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 Welcome to the Surveillance Society

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PostSubject: Re: Welcome to the Surveillance Society   Sun Feb 08, 2009 11:07 am

jmcc wrote:
Frightened Albanian wrote:
tell us more
By Irish internet, I am referring to Irish internet users. Most of them would be using a combination of dialup (typically a new IP from a limited pool of IPs on every connection) or retail broadband (dynamic IP assigned for a limited period, again from a pool of IPs). Some of the more expensive DSL packages can assign a fixed IP and most business DSL packages tend to allocate a few fixed IPs.

At the moment, I'm actually updating the global IP ranges databases here so I actually have a snapshot of all Irish IPs in additon to those of other countries. Smile Some other databases here track all active domains in com/net/org/etc and their movements.

Regards...jmcc

Where's here? (my bold)

So you're saying that within a range of IPs, any node could be any of those IP addresses and some ISPs use proxies so you could get a completely random set of IPs over time for one node? Could I have yours once and you have mine and we're working from home?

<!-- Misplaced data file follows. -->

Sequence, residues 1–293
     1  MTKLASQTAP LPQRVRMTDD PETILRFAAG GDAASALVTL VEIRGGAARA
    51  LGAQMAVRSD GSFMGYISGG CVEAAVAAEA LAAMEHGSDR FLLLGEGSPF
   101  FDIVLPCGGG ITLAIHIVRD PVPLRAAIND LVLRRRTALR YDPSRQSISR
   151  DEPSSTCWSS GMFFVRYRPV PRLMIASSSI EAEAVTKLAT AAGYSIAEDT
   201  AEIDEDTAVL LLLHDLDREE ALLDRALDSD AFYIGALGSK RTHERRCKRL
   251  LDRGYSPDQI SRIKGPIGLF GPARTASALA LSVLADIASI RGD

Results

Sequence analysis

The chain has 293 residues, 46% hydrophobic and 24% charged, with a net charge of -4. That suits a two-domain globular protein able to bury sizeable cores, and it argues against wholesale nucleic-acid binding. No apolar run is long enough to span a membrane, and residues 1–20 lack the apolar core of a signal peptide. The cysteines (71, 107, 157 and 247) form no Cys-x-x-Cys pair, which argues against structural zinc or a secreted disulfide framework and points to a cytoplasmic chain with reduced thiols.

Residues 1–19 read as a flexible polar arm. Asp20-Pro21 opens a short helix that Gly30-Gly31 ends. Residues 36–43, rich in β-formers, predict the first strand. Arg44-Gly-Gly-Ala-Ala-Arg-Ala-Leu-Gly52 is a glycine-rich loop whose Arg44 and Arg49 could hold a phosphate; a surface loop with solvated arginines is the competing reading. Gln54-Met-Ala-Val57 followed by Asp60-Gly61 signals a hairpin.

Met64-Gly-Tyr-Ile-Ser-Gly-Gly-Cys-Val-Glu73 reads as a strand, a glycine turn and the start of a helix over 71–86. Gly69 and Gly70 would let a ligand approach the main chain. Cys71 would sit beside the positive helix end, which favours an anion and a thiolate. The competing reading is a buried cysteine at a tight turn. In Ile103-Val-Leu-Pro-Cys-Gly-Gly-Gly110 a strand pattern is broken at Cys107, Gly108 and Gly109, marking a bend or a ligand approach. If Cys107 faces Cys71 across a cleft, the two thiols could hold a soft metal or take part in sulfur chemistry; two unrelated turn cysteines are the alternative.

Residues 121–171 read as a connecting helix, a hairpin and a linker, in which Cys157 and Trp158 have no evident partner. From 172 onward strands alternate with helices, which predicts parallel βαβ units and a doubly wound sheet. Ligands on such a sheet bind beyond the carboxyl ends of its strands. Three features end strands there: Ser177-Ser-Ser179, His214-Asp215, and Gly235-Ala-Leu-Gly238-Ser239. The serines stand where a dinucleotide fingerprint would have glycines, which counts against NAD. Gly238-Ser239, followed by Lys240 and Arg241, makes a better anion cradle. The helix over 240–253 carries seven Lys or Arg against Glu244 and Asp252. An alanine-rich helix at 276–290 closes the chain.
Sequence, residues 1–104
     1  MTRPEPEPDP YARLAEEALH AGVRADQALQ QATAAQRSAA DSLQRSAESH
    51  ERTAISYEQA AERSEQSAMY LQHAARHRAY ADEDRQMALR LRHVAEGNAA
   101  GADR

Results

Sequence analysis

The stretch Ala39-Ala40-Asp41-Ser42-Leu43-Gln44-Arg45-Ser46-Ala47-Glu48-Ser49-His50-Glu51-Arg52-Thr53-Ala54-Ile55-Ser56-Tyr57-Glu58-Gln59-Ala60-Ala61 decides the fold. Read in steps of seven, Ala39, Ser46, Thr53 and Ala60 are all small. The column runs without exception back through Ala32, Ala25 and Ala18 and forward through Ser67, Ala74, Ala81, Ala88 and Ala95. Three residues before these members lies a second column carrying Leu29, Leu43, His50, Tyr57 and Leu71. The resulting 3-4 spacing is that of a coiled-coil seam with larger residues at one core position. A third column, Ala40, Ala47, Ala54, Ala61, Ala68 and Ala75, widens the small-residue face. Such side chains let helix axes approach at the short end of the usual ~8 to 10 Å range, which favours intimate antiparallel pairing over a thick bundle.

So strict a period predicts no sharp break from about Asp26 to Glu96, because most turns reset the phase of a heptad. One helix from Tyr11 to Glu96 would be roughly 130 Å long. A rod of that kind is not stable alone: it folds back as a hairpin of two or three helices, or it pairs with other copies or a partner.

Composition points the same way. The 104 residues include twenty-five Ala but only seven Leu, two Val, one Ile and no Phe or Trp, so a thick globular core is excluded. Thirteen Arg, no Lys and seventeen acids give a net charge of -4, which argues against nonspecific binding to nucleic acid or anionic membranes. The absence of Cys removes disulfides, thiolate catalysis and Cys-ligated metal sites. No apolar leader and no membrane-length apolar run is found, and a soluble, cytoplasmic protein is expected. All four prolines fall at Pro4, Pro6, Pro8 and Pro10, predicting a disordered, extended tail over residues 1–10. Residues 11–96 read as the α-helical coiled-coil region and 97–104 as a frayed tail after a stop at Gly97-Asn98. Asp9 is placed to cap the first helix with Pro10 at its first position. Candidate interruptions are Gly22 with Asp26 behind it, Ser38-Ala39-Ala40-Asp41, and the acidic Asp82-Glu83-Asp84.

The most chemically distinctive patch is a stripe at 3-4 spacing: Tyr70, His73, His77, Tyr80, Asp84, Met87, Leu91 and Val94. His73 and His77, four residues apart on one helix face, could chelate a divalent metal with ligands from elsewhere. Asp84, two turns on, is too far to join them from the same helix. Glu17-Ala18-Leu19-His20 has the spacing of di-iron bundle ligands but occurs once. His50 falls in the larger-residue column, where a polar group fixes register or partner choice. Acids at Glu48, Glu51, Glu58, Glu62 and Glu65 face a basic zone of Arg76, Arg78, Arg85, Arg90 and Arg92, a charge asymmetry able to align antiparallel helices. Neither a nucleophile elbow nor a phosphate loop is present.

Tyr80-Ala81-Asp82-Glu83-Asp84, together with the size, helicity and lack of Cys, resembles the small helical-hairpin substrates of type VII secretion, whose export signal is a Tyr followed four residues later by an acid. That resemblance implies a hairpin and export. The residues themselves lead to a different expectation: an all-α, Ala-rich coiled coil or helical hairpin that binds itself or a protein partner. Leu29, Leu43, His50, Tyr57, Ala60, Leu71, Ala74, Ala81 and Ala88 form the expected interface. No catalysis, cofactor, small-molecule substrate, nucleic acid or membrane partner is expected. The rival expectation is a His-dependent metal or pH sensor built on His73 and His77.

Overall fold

What about IPv6 - is that the coming instantly recognisable 666 brand on every gadget stuck to the online world?
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PostSubject: Re: Welcome to the Surveillance Society   Tue Feb 10, 2009 4:06 pm

IT - New Bill will allow data obtained outside legal guidelines to be used

"PHONE CALL, e-mail and internet information obtained outside legal guidelines could still be used for investigations under proposals in a new Bill on storing and accessing electronic data.
....
The Department of Justice also proposes to redefine serious crime from the current definition of a crime punishable by a minimum sentence of five years, to any crime with a minimum sentence of 12 months.

The proposed legislation also places data security and management requirements on the service providers that hold call and internet data, but does not state who will pay for those costs...."

The costs involved are the costs of recording everything you do on the internet includung every keystroke and making it accessible to the Government. There is also considerable cost in constantly tracking the location of your phone and keeping an historical record.
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PostSubject: Re: Welcome to the Surveillance Society   Wed Feb 11, 2009 2:03 am

Some interesting tecchie posts have been merged here from a recent thread currently under review. Mod
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PostSubject: Re: Welcome to the Surveillance Society   Wed Feb 11, 2009 12:05 pm

Auditor #9 wrote:
Where's here? (my bold)